Skip Navigation


How do you camouflage a street cabinet?
Tuesday 23 October 2012 14:06:25 by Andrew Ferguson

The situation with regards to Openreach and others adding more telecoms infrastructure into areas is an on going one, and with changes to planning rules underway to make roll-out simpler underway it is enlightening to see what the House of Lords has to say on the matter.

Lord Howarth of Newport asked the following question in the House of Lords, "To ask Her Majesty's Government what representations they have so far received about their plan to allow broadband street cabinets to be installed without the prior approval of local planning authorities.". This received responses from a mixture but the response from Viscount Younger of Leckie is worth reproduction.

"I can understand the noble Lord's concerns. However, the changes to the formal planning process do not mean that broadband providers have carte blanche to install street cabinets or poles wherever or whenever it suits them. They must still notify planning authorities of their siting plans and consider requests for changes to be made. In exceptional circumstances, planning authorities can remove permitted rights to develop by using an Article 4 direction. The main broadband suppliers have agreed to develop a code of practice with DCMS whereby the siting of cabinets must have regard to proximity to any existing street furniture, minimising the visual impact and of course ensuring optimum safety on the streets. Sensitivity to locals is the byword, with planning and assessment made in advance."

Viscount Younger of Leckie, in the House of Lords

There was some consternation at the size of the new FTTC cabinets, but this was soothed with the news that there are plans afoot to camouflage them, and even the idea of holding a design competition to produce something less perfunctory.

While Openreach has deployed around 30,000 FTTC cabinets already. it seems many in the House of Lords have not seen them, or it may be that they live in areas where councils are rejecting applications. Cabinet PCP 023 on the junction of Acacia Road and Woronzow Road close to Regents Park had its planning application rejected in July 2011 after an original application in May 2011, and the postcode appears to be still waiting for a cabinet to be delivered. The application was rejected because of concerns of damage to the roots of a Lime tree, and the cabinet may reduce the security of a property.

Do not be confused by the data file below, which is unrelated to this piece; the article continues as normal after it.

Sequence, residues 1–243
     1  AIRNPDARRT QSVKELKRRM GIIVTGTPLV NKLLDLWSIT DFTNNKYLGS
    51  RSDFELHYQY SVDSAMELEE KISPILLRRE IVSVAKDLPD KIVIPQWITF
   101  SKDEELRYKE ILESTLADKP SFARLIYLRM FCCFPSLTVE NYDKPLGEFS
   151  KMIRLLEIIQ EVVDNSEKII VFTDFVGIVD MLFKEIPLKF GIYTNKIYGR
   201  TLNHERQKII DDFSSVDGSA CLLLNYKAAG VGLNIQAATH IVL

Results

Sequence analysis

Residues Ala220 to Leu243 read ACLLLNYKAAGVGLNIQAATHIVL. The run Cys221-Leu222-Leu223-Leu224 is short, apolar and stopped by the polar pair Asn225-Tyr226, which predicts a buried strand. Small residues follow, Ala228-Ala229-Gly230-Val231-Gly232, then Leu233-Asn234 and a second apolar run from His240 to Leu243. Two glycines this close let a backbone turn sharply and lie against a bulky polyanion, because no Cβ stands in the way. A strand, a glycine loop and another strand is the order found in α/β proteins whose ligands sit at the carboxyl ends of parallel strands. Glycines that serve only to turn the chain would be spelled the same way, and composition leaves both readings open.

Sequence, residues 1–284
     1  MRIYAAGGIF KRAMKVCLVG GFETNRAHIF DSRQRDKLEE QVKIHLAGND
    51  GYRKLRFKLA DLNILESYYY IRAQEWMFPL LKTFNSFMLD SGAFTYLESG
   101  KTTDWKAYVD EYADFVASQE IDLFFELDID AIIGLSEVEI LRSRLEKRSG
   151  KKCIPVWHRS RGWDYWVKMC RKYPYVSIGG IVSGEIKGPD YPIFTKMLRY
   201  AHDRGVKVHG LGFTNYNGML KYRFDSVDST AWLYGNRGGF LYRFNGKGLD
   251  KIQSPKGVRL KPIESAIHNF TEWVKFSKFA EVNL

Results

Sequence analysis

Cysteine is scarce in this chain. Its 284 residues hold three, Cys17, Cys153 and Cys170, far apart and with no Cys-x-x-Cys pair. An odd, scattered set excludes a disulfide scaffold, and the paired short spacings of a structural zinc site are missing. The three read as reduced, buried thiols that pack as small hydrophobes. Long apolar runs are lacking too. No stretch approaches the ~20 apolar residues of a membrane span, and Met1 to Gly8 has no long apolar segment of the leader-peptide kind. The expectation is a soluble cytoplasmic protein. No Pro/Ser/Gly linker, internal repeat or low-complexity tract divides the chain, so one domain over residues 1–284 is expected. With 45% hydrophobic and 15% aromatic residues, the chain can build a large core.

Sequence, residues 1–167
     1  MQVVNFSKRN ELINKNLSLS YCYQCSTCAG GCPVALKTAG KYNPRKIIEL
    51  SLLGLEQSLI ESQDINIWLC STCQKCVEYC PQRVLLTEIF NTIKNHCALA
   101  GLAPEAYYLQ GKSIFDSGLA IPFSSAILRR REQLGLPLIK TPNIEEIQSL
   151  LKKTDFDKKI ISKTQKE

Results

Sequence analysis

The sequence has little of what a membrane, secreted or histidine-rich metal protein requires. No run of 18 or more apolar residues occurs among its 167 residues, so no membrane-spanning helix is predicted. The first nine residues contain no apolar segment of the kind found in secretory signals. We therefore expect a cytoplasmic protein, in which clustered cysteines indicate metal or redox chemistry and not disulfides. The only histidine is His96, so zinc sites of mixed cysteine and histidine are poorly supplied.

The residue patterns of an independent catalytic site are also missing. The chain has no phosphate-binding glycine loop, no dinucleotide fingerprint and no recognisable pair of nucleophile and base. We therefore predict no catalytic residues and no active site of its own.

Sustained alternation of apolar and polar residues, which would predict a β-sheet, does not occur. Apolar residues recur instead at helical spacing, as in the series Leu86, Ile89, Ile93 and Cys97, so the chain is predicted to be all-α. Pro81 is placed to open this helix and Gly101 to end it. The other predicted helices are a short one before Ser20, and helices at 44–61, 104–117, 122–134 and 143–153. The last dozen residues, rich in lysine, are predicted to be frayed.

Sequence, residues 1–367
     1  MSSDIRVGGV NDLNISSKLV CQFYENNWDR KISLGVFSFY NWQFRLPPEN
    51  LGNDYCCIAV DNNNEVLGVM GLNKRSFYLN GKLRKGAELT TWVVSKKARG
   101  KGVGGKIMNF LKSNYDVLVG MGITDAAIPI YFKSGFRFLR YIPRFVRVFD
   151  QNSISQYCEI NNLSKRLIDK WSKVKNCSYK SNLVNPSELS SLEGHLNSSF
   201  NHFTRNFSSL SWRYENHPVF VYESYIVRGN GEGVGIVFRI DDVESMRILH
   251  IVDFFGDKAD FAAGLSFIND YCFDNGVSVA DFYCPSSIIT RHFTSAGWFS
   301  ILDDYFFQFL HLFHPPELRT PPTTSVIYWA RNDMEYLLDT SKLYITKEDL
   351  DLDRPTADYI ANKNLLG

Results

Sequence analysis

In theory a full fibre deployment that requires only passive infrastructure would overcome many objections to new street cabinets, but there is still the issue of pavement chambers to house optical splitters, in addition to the not insignificant additional costs of running the fibres to points close to every property.

Comments

Posted by rtho782 over 4 years ago
If I had my way, BT would be able to assume consent after publishing plans, objections would have to be public, so everyone knows who is saying no, and if an objection stopped a deployment, that cab would just be left forever without fibre until the residents deployed it themselves.

These people will be back in a couple of years complaining about slow broadband.
Posted by finaldest over 4 years ago
Where a cabinet is not suitable, Why not install in a trench.
Posted by KarlAustin over 4 years ago
If someone writes and objects to planning then it is public already!
Posted by andrew (Favicon staff member) over 4 years ago
As for a trench, given the foots for the cabinet were going to interfere with tree roots, a larger trench based setup would impact even more.
Posted by otester over 4 years ago
WW1 dazzler paint, then the NIMBY's won't be able to gets it position to complain about it.
Posted by Callumpy over 4 years ago
I've seen some of the cabs have been getting BT adverts stuck all over them, thats definitely not the right way to camouflage them.
Posted by tthom over 4 years ago
Message for BT when you finally or ever grt fttx in my exchange you can put a box in my garden to bypass those planning laws (if possible) so i can get fttx :-)